Enbridge and TC Energy CEOs focus on cutting operating emissions from pipelines
Big oil pipeline projects to be avoided in wake of ongoing opposition, CEOs say
The CEOs of Canada's two biggest pipeline companies say they are focused on lowering their operating greenhouse gas emissions while avoiding big oil pipeline projects in the wake of ongoing opposition throughout North America.
Both Francois Poirier of TC Energy Corp. and Al Monaco of Enbridge Inc. told the virtual 2021 Scotiabank CAPP Energy Symposium on Wednesday that repositioning their companies to account for the global energy transition to cleaner fuels is among their top priorities.
The decision by President Joe Biden to cancel TC Energy's Keystone XL pipeline permit in January was disappointing, but Poirier said TC Energy is building on learnings from the environmental commitment it made just days before the decision.
"We did not make our commitment to net-zero operations on Keystone XL as of the in-service date, and providing our own generation by 2030, lightly. There was a great deal of homework ... (and) those learnings are carrying over to now our existing asset base," he said.
Pipeline obstacles should benefit investors, CEO says
Meanwhile, Monaco said regulatory and political obstacles to building pipelines are expected to continue to make new pipelines hard to build, which is something that should benefit current Enbridge investors.
"You'd think that makes pipe in the ground more valuable, and I think it will eventually, but the reason for that is it's very difficult to replicate our asset base and the reality is that in any energy scenario we can think of, our systems are going to be critical for a long time," he said.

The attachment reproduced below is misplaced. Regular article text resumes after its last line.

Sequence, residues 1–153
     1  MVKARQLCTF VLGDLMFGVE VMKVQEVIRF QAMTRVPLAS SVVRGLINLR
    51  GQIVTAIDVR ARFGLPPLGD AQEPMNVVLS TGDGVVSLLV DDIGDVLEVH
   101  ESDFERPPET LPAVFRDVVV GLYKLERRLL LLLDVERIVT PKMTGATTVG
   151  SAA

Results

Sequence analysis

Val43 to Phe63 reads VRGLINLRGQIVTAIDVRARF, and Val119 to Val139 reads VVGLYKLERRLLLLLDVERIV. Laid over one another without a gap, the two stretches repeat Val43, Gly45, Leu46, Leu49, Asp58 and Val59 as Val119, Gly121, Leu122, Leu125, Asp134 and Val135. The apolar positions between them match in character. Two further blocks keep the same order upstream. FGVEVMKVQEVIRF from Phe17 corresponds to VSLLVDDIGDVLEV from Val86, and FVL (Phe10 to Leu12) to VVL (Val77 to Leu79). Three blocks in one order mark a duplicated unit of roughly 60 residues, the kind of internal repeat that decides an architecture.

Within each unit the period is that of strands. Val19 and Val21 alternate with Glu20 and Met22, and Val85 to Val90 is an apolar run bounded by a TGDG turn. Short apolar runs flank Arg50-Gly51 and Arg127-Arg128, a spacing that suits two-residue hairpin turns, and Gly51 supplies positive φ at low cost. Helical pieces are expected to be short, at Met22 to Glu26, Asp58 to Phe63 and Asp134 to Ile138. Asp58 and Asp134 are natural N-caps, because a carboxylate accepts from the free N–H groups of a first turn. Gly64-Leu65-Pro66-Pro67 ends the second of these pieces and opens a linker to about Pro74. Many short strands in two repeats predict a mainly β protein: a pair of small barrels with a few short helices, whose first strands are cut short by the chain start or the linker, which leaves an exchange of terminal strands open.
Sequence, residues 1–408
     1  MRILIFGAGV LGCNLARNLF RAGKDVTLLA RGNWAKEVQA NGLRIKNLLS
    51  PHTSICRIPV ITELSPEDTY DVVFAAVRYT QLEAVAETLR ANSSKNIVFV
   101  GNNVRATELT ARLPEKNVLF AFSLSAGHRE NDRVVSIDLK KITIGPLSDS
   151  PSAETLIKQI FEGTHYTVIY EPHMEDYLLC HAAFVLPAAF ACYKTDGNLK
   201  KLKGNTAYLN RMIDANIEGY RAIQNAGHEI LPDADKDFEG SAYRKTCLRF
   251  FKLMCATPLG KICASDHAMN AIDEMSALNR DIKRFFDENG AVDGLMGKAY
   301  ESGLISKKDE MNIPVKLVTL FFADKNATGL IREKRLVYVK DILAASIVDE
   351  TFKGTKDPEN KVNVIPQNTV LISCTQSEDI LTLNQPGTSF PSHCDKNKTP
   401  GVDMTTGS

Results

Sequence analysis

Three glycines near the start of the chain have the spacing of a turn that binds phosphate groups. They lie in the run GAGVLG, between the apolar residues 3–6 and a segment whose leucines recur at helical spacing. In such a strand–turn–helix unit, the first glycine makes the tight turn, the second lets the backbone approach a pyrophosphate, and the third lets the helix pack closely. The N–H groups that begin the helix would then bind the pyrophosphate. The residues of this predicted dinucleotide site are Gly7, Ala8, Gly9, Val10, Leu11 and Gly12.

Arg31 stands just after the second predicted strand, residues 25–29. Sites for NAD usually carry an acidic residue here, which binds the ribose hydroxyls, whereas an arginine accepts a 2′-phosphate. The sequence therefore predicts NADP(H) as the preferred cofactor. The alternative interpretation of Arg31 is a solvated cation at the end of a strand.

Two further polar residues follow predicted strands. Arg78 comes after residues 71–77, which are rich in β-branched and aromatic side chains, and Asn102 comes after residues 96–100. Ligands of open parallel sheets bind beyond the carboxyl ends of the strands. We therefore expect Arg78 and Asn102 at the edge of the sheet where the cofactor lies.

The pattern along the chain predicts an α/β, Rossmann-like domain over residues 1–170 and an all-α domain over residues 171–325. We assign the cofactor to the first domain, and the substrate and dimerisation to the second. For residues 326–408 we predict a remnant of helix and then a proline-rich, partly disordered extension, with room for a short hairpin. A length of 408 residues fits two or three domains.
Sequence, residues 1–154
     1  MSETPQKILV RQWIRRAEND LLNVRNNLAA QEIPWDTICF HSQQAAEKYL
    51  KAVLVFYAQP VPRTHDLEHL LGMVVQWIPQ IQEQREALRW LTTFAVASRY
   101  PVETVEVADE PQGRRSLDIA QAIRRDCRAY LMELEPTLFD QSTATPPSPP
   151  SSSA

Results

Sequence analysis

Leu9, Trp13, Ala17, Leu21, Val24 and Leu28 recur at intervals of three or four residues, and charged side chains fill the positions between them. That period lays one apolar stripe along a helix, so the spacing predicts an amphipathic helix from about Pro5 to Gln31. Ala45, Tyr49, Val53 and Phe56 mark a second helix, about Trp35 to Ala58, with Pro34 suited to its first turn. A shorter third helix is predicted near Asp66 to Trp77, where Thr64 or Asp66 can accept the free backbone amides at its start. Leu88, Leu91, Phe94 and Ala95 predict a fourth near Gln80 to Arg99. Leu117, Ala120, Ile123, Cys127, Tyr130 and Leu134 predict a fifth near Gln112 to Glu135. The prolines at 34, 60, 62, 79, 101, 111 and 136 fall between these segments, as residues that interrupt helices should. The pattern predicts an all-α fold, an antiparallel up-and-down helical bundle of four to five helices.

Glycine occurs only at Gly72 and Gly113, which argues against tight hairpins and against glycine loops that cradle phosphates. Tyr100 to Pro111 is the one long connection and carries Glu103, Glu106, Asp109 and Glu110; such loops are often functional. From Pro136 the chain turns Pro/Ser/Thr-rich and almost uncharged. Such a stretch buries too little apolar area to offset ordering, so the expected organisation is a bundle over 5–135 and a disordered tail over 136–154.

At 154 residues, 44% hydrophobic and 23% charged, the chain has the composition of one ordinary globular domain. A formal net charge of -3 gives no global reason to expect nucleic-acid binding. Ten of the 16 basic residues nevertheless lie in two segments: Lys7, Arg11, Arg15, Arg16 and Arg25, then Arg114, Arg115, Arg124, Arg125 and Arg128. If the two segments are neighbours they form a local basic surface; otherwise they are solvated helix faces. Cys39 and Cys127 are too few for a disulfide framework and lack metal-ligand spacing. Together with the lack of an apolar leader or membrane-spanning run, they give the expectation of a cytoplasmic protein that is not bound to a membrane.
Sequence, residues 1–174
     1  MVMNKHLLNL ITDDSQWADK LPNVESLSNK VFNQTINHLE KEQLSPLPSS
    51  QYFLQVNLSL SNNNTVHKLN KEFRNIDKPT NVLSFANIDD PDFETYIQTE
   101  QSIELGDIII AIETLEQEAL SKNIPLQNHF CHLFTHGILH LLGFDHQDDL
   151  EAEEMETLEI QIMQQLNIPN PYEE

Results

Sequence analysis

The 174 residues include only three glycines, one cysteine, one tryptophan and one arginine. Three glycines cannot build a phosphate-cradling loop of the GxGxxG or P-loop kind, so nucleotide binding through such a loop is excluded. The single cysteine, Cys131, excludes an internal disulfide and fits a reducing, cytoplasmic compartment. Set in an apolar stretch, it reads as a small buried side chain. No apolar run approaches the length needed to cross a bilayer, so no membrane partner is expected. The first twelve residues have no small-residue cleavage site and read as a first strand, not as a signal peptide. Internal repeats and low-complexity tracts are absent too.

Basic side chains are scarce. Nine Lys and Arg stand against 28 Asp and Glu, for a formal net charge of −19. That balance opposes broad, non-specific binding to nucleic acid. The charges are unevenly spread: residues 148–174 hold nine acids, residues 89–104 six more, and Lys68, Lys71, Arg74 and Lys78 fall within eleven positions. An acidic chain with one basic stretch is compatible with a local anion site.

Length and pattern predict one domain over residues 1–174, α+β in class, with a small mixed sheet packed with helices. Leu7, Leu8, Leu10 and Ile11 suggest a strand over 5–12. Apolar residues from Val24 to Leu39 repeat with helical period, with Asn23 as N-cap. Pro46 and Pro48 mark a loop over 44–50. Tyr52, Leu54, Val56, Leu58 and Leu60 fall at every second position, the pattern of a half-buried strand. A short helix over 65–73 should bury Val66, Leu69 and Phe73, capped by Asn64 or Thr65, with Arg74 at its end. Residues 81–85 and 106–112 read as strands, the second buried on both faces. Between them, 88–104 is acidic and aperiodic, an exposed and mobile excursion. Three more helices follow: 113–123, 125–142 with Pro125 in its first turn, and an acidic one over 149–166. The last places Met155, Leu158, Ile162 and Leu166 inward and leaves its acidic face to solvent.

Both companies are intent on buying or building renewable electricity sources for their pipeline pump stations and compression systems, the CEOs said.
Enbridge has set goals to cut its energy intensity by 35 per cent by 2030 and get to net-zero emissions by 2050.
TC Energy has the skills and means to reduce emissions through carbon capture, use and storage and by developing technologies to produce and store hydrogen, Poirier said.
"The transition can't come fast enough for us, from my perspective, but we have to pace it appropriately and I believe that natural gas and liquids (like oil) will continue to play a prominent role in the energy economy for decades to come," he said.
"So I think our existing assets will continue to be used and useful for quite a long time and generate a tremendous amount of cash flow that we're going to be able to redeploy into energy transition."
The cancellation of Keystone XL
Poirier said TC Energy is continuing to consider its options in response to the cancellation of Keystone XL, while reiterating it expects to take a related "substantive" charge in its first-quarter financial results.
In the spring of 2020, the company approved spending US$8 billion to complete Keystone XL after the Alberta government agreed to invest about US$1.1 billion (C$1.5 billion) as equity and guarantee a US$4.2-billion project loan.
The 1,947-kilometre pipeline was designed to carry 830,000 barrels a day of crude oil from Hardisty, Alta., to Steele City, Neb., where it would connect with the company's existing facilities to reach the U.S. Gulf Coast refining centre.
Monaco said he's optimistic that Enbridge's $9.3-billion Line 3 pipeline replacement project will be in service as scheduled in the fourth quarter of this year, despite ongoing protests and legal challenges. It is expected to add about 370,000 barrels per day of export capacity from Western Canada into the U.S.
The company, meanwhile, continues to fight in court an order from Michigan Gov. Gretchen Whitmer to shut down its Line 5 pipeline through the Great Lakes by next month, arguing the state doesn't have that jurisdiction and that the conduit is vital to U.S and Canadian customers.